This weekend, Prime Minister Justin Trudeau has declared over Twitter that Canada welcomes people fleeing persecution. (See below.)
Now, a group called Concerned Canadian Clergy for Refugees wants the Trudeau government to immediately extend transit visas to refugees who've already passed U.S. security clearance but are stranded at American ports of entry.
"Canada should favourably consider temporary transit visas to Canada within this group who have been recognized as refugees by the United States," CCCR stated in a news release, "these individuals, who have passed American security and background checks, should be allowed to have their refugee claims considered by Canada."
The group will hold a news conference at 9:30 a.m. today at Jack Poole Plaza in Vancouver to draw attention to what it's calling a "humanitarian urgency".
There was chaos at several U.S. airports this weekend after President Donald Trump signed an executive order prohibiting entry to people with U.S. visas who are travelling with passports from seven countries: Libya, Sudan, Somalia, Iran, Iraq, Syria, and Yemen.
Trump also imposed a permanent ban on Syrian refugees and a four-month ban on all other refugees from entering the United States.
Late yesterday, a U.S. federal judge issued an order blocking the Trump administration from deporting those with visas who were stuck at ports of entry.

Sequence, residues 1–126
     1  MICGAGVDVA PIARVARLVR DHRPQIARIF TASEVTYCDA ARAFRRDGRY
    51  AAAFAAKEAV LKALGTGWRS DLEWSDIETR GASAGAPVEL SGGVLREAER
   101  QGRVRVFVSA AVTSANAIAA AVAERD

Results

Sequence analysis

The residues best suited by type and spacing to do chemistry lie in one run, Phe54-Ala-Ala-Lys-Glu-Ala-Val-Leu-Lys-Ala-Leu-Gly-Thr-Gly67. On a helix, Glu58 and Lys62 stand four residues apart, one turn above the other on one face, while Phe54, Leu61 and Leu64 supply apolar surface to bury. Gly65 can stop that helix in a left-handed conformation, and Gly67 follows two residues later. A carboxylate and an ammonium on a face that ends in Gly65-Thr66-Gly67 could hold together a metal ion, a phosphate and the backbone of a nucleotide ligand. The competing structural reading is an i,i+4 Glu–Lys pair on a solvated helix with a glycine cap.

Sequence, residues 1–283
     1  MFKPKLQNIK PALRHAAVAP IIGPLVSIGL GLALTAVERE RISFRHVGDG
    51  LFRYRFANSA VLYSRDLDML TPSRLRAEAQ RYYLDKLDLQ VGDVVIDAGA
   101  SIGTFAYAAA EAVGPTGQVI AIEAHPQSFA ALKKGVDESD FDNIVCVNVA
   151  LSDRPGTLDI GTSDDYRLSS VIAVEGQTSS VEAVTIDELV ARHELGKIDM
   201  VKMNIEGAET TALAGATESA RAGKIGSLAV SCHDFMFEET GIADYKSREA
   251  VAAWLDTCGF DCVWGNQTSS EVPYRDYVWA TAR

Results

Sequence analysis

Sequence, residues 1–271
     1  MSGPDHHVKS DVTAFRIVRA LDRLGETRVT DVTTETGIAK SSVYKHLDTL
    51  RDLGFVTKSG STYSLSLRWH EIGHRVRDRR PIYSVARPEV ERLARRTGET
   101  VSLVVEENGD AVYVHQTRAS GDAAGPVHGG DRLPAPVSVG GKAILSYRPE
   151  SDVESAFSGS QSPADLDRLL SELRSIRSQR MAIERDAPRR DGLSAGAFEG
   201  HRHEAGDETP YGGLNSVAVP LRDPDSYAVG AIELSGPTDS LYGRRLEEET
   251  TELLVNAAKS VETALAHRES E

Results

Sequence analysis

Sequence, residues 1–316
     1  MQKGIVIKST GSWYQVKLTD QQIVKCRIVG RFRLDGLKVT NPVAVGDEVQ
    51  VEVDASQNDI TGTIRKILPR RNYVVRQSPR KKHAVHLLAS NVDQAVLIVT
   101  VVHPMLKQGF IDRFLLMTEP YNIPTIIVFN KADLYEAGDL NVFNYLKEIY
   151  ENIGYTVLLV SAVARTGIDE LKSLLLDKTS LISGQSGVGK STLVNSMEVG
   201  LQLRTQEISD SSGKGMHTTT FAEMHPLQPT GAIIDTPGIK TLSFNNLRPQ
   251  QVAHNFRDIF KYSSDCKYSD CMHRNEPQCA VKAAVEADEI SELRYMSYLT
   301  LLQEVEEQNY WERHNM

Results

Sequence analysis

However, the court order didn't allow people with passports from these seven countries to enter the United States.
"Canada and the USA have agreed to protect refugees," CCCR declared in its statement. "Given that these security-screened refugees would have been able to disembark their flight for new lives in the USA, and are not considered security risks, Canada should help and help now."
The group added that this is in the spirit of the Safe Third Country Agreement reached between Canada and the United States.
"We should take them in NOW!" CCCR emphasized. "We are reminded of our nation's history when 'none is too many' was our response to Jewish refugees fleeing Nazi Germany. Since those dark days following WWII, Canada has made great strides to be a beacon of hope to refugees seeking safety from around the world."
Trudeau's Saturday tweets have raised questions over whether the Canadian government will take any action. Canada's new minister of immigration, Ahmed Hussen, was born and raised in Somalia, which is one of the countries mentioned in Trump's executive order.
After putting out the tweets above, Trudeau issued a statement over Twitter offering more details about the new U.S. travel restrictions.
The prime minister maintained that U.S. national security adviser Michael Flynn had "confirmed" that dual citizens with Canadian passports will not be affected by the new U.S. travel restriction.
Trudeau is expected to be in Vancouver today for the Vancouver Chinatown Spring Festival Parade.
Meanwhile, B.C. premier Christy Clark has tweeted that provincial officials are prepared to work with the federal government to assist stranded refugees.